On June 26, 2013, the United States Supreme Court issued a decision in United States v. Windsor, 570 U.S. ___ (2013), holding that Section 3 of the Defense of Marriage Act (DOMA) is unconstitutional because it is “a deprivation of the equal liberty of persons that is protected by the Fifth Amendment.” Section 3 of DOMA essentially defined “marriage” and “spouse” for the purposes of federal statutes and regulations to mean only a legal union between a man and a woman. Same-sex couples were ineligible, therefore, for spousal benefits associated with numerous federal programs regardless of whether their state legally recognized the marriage. The opinion can be accessed at United States v. Windsor.
The question is what impact will this have on benefits before the Department of Veterans Affairs (VA) for same-sex couples? I suspect we will know the answer shortly. On December 18, 2012, the Court of Appeals for Veterans Claims ordered that a decision in Cardona v. Shinseki be “stayed pending resolution of Windsor or until further order of the Court.” This case involves dependency benefits a female Navy veteran who legally entered into a same-sex marriage in Connecticut. Given that 38 U.S.C. § 101(31) defines “spouse” as “a person of the opposite sex who is a wife or husband,” I anticipate we’ll see a similar outcome to that in United States v. Windsor.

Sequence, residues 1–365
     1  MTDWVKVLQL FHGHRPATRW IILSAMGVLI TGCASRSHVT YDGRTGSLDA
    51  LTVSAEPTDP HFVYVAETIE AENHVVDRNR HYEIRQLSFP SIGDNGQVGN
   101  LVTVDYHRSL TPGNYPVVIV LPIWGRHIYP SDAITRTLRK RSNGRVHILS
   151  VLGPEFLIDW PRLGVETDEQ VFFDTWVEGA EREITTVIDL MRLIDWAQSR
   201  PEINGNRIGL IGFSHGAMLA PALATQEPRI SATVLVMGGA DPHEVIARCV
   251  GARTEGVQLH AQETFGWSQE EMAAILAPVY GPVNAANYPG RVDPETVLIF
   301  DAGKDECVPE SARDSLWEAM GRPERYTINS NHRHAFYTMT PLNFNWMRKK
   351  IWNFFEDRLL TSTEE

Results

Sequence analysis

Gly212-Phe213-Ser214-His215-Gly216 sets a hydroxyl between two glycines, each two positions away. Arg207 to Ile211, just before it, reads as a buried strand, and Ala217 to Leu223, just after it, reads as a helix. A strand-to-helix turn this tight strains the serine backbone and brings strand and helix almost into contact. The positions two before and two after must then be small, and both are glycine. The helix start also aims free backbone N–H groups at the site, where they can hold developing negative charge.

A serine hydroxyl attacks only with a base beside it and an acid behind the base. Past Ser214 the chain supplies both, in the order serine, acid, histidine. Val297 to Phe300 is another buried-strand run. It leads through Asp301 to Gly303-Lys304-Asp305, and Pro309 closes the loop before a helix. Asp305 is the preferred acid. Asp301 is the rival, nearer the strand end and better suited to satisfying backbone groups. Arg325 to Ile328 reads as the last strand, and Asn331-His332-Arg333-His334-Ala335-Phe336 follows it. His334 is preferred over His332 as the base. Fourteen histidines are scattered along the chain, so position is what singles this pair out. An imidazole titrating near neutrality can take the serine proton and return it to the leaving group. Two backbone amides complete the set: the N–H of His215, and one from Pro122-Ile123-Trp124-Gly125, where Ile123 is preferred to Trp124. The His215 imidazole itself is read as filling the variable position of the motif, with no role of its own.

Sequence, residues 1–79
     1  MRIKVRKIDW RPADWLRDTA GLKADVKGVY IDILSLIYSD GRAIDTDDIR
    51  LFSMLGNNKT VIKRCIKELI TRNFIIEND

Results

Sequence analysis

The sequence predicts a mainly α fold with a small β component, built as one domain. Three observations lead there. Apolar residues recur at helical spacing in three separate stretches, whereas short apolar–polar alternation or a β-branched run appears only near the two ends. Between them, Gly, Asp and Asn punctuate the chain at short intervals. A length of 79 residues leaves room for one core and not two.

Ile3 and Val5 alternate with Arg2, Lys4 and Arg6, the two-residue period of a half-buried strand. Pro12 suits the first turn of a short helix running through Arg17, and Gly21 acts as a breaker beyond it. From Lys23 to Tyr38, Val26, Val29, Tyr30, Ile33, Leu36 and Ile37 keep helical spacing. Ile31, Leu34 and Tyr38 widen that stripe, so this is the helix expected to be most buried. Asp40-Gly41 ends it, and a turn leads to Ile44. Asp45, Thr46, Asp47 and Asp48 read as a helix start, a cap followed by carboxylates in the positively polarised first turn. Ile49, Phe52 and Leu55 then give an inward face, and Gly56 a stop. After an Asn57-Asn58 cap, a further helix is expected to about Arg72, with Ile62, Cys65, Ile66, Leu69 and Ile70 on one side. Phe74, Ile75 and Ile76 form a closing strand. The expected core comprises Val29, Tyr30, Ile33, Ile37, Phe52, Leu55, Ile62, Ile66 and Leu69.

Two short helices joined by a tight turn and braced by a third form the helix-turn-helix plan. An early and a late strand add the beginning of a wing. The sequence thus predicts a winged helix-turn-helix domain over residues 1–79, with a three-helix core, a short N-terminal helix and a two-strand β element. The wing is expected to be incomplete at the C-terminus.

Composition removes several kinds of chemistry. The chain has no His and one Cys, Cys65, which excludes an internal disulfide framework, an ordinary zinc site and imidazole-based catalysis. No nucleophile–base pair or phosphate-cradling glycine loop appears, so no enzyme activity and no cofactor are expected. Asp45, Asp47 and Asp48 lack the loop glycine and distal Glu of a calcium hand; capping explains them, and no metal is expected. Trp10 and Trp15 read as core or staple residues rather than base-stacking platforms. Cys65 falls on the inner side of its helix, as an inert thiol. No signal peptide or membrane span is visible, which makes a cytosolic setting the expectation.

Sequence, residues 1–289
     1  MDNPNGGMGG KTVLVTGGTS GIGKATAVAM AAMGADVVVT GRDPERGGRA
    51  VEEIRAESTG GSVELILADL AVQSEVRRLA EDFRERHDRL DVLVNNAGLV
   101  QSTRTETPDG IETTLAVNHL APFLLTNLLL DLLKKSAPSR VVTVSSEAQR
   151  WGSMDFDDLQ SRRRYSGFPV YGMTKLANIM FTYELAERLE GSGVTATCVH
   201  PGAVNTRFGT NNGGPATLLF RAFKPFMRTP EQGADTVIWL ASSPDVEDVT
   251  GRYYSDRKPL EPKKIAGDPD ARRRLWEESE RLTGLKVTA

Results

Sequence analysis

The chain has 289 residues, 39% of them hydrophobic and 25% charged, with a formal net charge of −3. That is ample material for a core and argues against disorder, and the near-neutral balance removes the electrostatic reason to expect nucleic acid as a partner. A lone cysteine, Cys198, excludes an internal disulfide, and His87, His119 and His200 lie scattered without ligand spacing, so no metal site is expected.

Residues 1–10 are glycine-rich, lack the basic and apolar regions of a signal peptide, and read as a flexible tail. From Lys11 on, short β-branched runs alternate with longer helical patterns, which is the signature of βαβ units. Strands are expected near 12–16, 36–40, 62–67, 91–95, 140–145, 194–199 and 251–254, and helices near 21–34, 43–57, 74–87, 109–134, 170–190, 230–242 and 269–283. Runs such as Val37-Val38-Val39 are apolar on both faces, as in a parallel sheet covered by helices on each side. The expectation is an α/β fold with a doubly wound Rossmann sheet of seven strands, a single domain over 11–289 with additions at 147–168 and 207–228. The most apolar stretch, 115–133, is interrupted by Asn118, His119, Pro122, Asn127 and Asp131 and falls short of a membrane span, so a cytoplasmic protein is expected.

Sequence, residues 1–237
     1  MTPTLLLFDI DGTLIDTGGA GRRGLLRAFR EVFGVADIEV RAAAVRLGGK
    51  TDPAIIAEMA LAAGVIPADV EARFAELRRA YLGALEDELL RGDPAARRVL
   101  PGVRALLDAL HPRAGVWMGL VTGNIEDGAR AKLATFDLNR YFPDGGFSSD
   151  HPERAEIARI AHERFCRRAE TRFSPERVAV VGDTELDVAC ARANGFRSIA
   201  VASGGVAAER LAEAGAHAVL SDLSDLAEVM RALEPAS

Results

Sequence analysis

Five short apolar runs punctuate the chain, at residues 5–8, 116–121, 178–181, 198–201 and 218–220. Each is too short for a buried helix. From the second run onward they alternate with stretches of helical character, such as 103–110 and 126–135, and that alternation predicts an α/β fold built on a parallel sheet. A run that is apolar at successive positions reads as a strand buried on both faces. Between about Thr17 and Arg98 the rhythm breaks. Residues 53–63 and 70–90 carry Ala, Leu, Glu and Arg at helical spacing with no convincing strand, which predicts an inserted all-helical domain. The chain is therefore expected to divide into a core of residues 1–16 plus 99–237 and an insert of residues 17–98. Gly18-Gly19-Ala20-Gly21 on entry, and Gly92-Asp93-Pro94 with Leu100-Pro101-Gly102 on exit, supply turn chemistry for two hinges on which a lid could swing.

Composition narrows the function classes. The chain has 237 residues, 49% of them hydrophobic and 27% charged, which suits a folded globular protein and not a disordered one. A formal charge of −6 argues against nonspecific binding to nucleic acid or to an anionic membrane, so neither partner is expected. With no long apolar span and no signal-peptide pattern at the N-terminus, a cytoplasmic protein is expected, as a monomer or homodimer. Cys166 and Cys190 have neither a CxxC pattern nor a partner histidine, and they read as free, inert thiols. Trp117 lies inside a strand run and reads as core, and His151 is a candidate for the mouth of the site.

If you have questions regarding your claim for disability compensation before the VA, please do not hesitate to contact me at sdirector@FRE-L.com or via telephone at (732) 382-6070.